Emerald Ash Borer


Emerald Ash Borer (EAB) information for Northern Colorado.

Last Updated: July 4, 2016

Even if you haven’t heard of Emerald Ash Borer before, it will soon be something you can’t ignore. With as many as a quarter of our urban trees consisting of ash, the potential for losing a significant portion of our urban forest is very real. The Emerald Ash Borer is the most destructive tree insect we have ever seen.

Emerald Ash Borer has been in Boulder since at least 2011, possibly longer, and has been spreading at a quick pace ever since it was discovered. The situation in Boulder is now dire and EAB can be found all over town. On June 8th, 2016 it was discovered in the middle of Longmont. It is only a matter of time before EAB shows up in Loveland, Windsor or Fort Collins, and it may already be in Berthoud. What we’ve seen in other infected areas across the country is that it’s always there before we know it.

Once it’s discovered in a new area it is usually already established, and at that point it’s a race to catch up with it. No community has ever been successful in “getting ahead” of Emerald Ash Borer.

I don’t think it’s too early to start thinking about treatment for Emerald Ash Borer if you’re in Northern Colorado. In fact if you’re south of Highway 34 in Loveland, I’d say it’s time to start treating your trees or make the decision to let them go. The closer you are to Longmont, the more important taking action is, but remember that EAB doesn’t necessarily spread with linear progression and could just as easily skip Loveland and go straight to Fort Collins if someone were to transport infected wood there.

One last point to be made. I can’t stress enough that taking no action is actively deciding to lose your tree to Emerald Ash Borer. I don’t necessarily mean right now, but when it’s shown up in your neighborhood and you’re still thinking you’ll take your chances, please understand that the chance of your untreated tree not dying from EAB will be zero. This bug will kill every single untreated ash tree in it’s path: young and old, healthy or not.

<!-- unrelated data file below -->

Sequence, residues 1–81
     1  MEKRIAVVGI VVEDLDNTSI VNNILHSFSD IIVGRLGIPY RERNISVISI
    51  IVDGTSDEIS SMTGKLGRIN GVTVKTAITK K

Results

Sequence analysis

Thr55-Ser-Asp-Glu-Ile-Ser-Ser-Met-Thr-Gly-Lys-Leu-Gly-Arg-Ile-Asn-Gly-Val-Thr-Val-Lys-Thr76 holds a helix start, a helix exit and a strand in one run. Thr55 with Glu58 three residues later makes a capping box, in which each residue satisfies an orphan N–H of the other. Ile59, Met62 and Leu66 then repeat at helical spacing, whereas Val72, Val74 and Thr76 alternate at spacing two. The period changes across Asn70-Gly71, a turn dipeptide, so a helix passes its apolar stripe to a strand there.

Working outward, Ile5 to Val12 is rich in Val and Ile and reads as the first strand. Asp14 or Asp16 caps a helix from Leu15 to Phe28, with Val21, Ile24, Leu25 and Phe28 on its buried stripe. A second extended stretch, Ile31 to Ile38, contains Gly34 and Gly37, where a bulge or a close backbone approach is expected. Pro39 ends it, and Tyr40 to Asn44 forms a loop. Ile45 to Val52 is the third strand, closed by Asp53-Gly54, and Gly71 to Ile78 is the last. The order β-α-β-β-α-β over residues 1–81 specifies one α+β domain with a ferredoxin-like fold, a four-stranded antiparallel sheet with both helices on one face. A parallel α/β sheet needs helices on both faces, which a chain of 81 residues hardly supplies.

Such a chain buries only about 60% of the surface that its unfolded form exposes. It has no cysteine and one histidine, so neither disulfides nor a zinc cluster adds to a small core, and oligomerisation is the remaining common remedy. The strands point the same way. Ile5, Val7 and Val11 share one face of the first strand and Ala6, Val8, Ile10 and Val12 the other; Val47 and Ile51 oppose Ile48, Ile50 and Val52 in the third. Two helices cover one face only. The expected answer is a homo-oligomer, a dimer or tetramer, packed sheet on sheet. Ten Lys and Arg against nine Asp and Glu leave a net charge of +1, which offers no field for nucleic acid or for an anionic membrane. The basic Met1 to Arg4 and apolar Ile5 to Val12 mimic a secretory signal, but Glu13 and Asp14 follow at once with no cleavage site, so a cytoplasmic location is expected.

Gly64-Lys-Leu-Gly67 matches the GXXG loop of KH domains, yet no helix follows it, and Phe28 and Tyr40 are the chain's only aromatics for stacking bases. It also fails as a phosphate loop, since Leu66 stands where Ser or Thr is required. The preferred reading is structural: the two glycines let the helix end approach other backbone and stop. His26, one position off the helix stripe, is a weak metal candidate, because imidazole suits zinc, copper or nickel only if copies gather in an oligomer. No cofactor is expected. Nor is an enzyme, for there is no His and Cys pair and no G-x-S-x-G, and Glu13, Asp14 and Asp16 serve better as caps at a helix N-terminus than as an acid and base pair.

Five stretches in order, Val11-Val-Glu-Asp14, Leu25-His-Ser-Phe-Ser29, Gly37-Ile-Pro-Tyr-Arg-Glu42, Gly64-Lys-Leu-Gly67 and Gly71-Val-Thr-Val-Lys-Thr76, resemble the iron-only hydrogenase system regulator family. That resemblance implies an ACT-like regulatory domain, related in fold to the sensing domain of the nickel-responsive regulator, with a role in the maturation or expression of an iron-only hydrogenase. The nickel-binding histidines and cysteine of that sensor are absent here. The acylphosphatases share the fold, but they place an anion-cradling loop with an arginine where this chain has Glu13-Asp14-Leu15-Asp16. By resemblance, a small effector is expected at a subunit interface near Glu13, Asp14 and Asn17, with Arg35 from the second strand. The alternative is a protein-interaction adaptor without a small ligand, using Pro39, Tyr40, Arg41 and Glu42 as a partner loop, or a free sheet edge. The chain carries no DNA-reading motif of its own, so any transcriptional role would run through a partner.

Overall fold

Although Emerald Ash Borer is by far the most destructive tree pest ever seen in North America, treatments for the borer are effective, and Arborists have several options available.

 

How can I protect my trees from Emerald Ash Borer?
What should I do if my ash tree has Emerald Ash Borer?
Background information on Emerald Ash Borer
What does an ash tree look like?
What does Emerald Ash Borer look like?
What happens to a tree with EAB?

How can I protect my trees from Emerald Ash Borer?

Fortunately there are effective treatments against Emerald Ash Borer. It may not be feasible to treat every tree, but I think homeowners should be able to save their ash trees, especially if they just have a few. Front Range cities such as Boulder realistically won’t be able to save all of their trees, nor will many home owner’s associations and businesses. Even if saving every tree isn’t the goal, treatments can allow us to manage resources better by staggering the removal of trees across a number of years, rather than all at once.